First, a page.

Video Games & Historians

I cannot say that I am a big gamer (or a gamer, full stop…), but even I have heard of “Sons of Rome” and other video games that are built around a historical epoch. But as this is increasingly falling into the remit of what is now known as Public History, it is perhaps not surprising that historians and “Assassin’s Creed” are now mentioned in one headline. Though having done my PhD in a department of history, I am still quietly amazed by this article:

Bob Whitaker, a historian of modern Britain at Louisiana Tech and the host of the YouTube series History Respawned, recommends Assassin’s CreedSyndicate, the entertaining new Ubisoft game set in Victorian London. He likes the way it successfully captures the feel of the British capital in the 19th century, and he particularly likes the way the game depicts the Thames River as crowded with industrial traffic. But he still has some nits to pick.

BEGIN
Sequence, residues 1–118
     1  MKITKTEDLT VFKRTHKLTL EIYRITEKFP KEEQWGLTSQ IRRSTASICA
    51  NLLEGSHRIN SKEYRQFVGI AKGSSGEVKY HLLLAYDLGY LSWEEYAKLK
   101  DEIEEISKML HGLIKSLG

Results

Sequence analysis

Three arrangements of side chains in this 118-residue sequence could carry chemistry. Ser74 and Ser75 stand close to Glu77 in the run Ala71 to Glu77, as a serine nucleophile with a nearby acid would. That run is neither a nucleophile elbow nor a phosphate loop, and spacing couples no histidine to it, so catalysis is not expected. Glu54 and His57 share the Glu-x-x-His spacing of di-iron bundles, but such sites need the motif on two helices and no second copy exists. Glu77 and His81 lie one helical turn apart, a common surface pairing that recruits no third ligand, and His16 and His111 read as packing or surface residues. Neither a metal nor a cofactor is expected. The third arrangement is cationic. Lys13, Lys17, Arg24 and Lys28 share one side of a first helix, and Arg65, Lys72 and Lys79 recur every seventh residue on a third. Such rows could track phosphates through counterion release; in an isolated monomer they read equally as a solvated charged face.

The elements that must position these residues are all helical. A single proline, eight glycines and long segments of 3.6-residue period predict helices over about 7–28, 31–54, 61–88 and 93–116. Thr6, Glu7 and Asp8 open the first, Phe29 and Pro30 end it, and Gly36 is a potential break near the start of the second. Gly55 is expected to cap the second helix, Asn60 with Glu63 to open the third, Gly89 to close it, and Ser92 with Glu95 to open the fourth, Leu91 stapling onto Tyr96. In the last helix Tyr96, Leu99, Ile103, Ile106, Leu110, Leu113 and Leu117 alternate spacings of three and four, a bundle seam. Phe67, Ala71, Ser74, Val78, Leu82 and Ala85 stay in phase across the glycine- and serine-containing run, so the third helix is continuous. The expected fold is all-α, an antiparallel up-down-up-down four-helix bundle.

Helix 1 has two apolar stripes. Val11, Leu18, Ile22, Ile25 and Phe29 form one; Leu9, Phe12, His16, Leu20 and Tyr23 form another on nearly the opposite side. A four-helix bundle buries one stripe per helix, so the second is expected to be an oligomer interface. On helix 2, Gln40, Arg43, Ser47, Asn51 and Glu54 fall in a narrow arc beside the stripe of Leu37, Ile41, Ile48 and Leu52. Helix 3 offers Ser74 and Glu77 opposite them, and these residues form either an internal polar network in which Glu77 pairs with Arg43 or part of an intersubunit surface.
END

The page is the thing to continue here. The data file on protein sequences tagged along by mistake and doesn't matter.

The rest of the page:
Whitaker fact-checked the game from a historian’s perspective during an interview I conducted for my podcast, Shall We Play a Game?. You can listen to the podcast here. The excerpts below have been condensed and edited.

Minor spoilers for Assassin’s Creed Syndicate follow here.

2 thoughts on “Video Games & Historians”

  1. Dear Steph,
    Assassin’s Creed is not only about historians but also about politics and the uses of the past. According to French left wing populist politician (and well read historian) Jean-Luc Mélenchon, Assassin’s Creed Unity is an anti-republican revisionist history of the French Revolution. His point basically is that the game is against the popular class.
    The topic has been covered in France by serious media including France Culture and Le Monde.


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